The Verger's Voice The Verger’s Voice: Incense

The Verger’s Voice: Incense

For over 3,000 years incense has been used in Jewish and Christian worship. INCENSE, symbolizing our prayers rising to heaven, is an offering to our Lord mentioned in the Bible 136 times.  Our Lord Jesus went to the temple where incense was a normal part of worship. In the Book of Revelation St. John sees heaven as a place where an “…angel came and stood at the altar with a golden censer: and he was given much incense…and the smoke of the incense rose with the prayers of the saints…before God.” (Rev. 8:3-4). We find that incense is mentioned in 20 different books of the Bible.

The container used for incense is called a ”thurible”, from the Greek “thuos”, meaning “to sacrifice”. The person carrying a thurible is known as a thurifer.

At Trinity we use incense during “high holy days” – Christmas, Palm Sunday, Good Friday and Easter. It is used in the procession; to cense the people before worship, the gospel book before reading, the altar before setting apart our gifts to the Lord, and, on Good Friday, to cense the cross during the place in the reading of the passion of our Lord in which Christ is crucified and is pouring out his life for the forgiveness of our sins (Matt 26:28, Mark 10:45).  Along with the Sanctus Bells (see blog article June 9, 2023) the use of incense in Anglican worship is often lightly characterized as “smells and bells.”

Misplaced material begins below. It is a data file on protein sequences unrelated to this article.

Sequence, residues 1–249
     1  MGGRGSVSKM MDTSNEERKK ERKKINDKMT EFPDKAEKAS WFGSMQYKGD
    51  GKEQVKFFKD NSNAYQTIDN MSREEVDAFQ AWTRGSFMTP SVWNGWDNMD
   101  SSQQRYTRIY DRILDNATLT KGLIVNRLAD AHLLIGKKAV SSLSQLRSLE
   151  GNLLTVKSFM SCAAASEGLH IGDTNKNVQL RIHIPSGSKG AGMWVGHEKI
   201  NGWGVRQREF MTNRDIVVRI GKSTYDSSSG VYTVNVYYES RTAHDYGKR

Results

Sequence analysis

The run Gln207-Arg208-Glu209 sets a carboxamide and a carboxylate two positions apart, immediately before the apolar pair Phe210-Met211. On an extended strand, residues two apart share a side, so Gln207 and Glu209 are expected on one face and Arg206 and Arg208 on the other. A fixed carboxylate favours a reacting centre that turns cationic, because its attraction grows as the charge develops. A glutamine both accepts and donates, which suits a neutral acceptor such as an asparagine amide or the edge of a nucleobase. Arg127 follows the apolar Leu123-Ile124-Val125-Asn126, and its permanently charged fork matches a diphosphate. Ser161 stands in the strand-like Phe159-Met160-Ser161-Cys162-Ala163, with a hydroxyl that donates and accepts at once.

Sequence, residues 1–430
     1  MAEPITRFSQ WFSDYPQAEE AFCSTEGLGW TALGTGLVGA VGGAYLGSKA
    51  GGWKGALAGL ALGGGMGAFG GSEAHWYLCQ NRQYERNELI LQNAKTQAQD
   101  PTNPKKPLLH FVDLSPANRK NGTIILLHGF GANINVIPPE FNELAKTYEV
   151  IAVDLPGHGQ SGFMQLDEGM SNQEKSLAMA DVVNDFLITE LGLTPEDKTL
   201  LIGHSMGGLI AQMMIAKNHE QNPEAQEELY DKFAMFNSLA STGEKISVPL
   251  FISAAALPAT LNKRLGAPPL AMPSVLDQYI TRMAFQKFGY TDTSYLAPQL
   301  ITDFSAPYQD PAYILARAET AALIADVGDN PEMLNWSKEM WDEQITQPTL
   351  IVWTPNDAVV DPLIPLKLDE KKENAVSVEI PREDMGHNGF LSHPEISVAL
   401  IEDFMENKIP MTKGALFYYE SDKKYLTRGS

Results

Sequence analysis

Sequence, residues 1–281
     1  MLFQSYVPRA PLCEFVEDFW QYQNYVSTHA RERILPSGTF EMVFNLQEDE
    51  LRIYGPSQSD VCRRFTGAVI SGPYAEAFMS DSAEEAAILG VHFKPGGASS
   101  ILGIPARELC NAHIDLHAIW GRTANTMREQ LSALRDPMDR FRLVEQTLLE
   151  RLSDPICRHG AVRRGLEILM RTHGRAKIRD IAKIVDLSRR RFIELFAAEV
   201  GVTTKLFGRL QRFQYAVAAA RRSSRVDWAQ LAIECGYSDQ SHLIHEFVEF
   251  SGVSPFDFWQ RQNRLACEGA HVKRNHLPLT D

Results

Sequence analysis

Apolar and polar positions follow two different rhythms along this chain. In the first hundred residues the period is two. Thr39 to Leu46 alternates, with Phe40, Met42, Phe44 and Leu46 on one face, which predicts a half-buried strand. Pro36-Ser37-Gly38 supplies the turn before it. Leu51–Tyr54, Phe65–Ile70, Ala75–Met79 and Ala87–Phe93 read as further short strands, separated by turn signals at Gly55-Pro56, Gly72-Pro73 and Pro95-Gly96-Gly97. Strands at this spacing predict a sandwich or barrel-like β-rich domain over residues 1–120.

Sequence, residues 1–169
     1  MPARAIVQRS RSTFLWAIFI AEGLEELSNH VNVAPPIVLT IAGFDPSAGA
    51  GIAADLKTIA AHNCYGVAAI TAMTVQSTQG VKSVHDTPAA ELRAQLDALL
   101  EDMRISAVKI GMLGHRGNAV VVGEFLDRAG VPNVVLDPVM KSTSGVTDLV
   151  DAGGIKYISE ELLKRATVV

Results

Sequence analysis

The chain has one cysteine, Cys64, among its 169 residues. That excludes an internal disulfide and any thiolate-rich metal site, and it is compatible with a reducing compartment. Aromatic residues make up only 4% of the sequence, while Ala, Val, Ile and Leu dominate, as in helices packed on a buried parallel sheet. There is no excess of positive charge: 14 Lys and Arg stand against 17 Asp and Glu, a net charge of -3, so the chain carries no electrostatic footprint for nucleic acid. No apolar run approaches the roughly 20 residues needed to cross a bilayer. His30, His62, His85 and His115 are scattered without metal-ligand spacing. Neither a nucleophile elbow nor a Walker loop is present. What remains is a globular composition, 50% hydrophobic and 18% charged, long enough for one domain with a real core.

Courtney B. Wilson, Head Verger

Stained glass window of a thurible at St. Ignatius Church in Massachusetts.